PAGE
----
Costumes and shawls. French directorate, consulate and first Empire.

Costumes, shawls, scarves, directorate, consulate, first empire, fashion,
The fashion of classicism. Costumes and scarves.



Directorate, Consulate, Empire.

While until the mid-nineties of the 18th century only wide crepe breast cloths were worn (no. 18), towards the end of the century fine cashmere fabrics and thus also scarves and shawls came into use. The figures on this panel show the diverse forms in which the scarf – originally an elongated square piece of fabric with more or less wide embroidery at the ends – was worn and draped, sometimes as a neck and breast cloth (Nos. 19-21), sometimes as a complete wrapping of the upper body (Nos. 9, 11, 23).

The first fabrics made of cashmere wool came to Paris as early as 1775, but found no mercy in the eyes of the ladies at that time. It was not until after the Egyptian expedition of the first consul (Napoleon Bonaparte) that the fashion for wearing Indian scarves spread more and more until, at the turn of the century, it became general and the scarf was considered an indispensable part of the female toilet.

Kashmir then no longer supplied the fabrics alone. Finally, scarves were made in all sizes according to the seasons and from the most diverse fabrics, from cloth, wool, silk, cotton, East Indian cattun and lace. Of course, the finest fabrics were still in use, and it is said that the women tested their fineness by trying to pull the scarves through their rings.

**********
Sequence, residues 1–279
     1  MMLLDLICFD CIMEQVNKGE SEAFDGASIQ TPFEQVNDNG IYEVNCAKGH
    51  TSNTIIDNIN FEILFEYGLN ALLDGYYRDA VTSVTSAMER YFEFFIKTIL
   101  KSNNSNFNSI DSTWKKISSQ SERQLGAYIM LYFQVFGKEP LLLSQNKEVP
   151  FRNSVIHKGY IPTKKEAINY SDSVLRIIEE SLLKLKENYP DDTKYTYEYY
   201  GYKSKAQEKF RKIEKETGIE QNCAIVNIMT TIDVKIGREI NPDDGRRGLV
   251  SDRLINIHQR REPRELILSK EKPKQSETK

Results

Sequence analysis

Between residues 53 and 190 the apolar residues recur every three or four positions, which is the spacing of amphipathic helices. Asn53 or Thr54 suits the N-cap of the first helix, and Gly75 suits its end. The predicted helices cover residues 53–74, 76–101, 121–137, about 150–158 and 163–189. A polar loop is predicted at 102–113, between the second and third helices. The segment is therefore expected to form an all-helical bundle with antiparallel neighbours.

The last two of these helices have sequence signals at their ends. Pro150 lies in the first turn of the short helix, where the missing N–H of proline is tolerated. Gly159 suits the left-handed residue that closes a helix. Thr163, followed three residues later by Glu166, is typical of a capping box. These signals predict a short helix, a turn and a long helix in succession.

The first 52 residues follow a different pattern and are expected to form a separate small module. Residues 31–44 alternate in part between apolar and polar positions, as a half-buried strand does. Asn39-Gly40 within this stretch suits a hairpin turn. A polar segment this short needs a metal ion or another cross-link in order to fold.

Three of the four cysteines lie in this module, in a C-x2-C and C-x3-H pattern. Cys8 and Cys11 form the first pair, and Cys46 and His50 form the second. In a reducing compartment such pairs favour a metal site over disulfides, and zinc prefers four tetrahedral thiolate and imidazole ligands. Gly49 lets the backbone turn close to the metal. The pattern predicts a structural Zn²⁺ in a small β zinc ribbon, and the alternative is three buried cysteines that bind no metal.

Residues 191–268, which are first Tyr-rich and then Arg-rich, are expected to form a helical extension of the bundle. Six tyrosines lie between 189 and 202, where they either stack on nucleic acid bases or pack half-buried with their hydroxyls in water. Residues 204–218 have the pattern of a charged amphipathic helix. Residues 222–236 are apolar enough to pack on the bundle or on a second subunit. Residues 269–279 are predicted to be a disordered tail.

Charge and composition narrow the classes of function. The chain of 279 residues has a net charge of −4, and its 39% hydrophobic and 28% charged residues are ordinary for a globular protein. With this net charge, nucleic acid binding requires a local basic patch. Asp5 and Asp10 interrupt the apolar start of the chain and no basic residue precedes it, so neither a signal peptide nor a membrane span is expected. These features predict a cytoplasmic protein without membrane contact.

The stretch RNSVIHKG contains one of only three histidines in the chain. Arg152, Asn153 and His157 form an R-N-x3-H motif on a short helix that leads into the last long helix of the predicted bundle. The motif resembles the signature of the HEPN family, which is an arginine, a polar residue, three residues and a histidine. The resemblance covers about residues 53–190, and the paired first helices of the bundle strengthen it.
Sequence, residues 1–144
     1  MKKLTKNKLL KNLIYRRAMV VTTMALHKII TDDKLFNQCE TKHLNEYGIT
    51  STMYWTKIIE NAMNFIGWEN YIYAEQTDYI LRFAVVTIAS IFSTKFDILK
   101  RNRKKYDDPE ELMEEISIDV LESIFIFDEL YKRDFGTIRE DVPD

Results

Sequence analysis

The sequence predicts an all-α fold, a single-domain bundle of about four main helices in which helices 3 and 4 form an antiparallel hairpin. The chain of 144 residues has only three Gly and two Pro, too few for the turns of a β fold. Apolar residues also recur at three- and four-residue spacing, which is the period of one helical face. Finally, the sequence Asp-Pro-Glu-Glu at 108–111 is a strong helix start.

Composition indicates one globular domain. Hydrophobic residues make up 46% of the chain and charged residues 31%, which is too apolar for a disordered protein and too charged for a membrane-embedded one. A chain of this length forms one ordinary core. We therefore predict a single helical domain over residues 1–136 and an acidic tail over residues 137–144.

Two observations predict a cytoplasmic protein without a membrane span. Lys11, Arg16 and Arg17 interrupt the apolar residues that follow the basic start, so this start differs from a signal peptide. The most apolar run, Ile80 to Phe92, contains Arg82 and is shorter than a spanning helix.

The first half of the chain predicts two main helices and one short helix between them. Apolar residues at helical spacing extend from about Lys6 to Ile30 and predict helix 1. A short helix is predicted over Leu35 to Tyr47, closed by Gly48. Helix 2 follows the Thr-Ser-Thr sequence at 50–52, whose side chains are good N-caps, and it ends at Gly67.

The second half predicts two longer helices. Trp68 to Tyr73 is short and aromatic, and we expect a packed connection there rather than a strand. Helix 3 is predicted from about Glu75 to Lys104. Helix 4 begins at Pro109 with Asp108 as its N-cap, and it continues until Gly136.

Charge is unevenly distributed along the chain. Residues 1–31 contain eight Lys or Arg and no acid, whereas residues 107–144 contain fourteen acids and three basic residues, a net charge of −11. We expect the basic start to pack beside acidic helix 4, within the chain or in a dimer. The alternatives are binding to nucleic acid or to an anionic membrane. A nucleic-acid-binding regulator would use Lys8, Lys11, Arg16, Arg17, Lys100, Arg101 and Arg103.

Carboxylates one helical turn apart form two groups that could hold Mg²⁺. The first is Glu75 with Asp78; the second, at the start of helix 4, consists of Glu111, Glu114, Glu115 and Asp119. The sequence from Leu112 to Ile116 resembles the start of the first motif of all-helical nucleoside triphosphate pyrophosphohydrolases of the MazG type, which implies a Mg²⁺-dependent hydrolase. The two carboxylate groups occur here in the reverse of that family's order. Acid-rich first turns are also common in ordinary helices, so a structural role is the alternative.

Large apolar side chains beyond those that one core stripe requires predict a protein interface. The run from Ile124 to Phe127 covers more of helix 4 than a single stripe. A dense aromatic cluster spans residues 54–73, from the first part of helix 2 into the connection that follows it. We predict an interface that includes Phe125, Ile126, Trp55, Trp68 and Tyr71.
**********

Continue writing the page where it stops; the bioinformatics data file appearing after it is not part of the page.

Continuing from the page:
When the fashion of scarves came up, the ladies did not part with them. They wore them on the promenade, in society, at the ball. The scarf was a welcome addition to the “Greek” costume that appeared at the same time. On the one hand, it was an opportunity to drape oneself in the antique style and to wrap oneself in it, following the example of the antique statues (no. 23), and on the other hand, to cover the nakedness of the body, which the Greek costume revealed all too generously.

Apart from these wide and large scarves, however, the narrow, sashlike ones, which only protected the neck, were also in fashion (No. 21). The scarf reached the peak of popularity when a dance, le pas du schall, was held in its honour, with which the beautiful Countess of Hamilton achieved great success in the distinguished society. A light silk scarf was used for this dance (No. 6).

During the Consulate and the first half of the Empire, the shawls were monochrome with wide borders embroidered with palm trees or flowers on a different coloured ground. At that time they were called Turkish shawls. Yellow, green, white and ponceau-red (cochineal red) came into fashion one after another.

Around 1811, people wore blue scarves à la Marie-Louise with large palm trees on a wide, white border. To facilitate the drapery and to preserve the drapery once arranged, golden acorns were attached to the ends of the scarf or lead was sewn into the corners (Nos. 11, 22 -24).

(According to several simultaneous fashion magazines.)

Source: History of the costume in chronological development by Auguste Racinet. Edited by Adolf Rosenberg. Berlin 1888.